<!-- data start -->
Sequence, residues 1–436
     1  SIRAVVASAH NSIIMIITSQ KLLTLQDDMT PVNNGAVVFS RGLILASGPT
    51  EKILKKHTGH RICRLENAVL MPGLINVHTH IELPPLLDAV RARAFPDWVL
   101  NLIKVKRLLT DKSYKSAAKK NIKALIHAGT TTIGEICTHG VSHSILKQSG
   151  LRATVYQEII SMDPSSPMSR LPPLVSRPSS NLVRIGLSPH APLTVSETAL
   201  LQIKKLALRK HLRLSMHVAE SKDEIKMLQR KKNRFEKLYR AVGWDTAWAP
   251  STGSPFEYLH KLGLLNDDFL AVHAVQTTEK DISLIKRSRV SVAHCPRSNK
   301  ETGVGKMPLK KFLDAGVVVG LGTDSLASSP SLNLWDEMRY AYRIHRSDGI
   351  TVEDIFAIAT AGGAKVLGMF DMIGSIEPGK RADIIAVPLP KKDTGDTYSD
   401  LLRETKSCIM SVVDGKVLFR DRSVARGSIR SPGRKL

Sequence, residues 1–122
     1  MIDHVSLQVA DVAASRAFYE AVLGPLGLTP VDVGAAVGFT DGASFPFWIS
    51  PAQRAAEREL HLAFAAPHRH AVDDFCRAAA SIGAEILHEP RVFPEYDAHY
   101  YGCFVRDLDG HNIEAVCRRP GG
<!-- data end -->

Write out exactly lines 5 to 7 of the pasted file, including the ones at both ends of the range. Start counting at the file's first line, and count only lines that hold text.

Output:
   151  LRATVYQEII SMDPSSPMSR LPPLVSRPSS NLVRIGLSPH APLTVSETAL
   201  LQIKKLALRK HLRLSMHVAE SKDEIKMLQR KKNRFEKLYR AVGWDTAWAP
   251  STGSPFEYLH KLGLLNDDFL AVHAVQTTEK DISLIKRSRV SVAHCPRSNK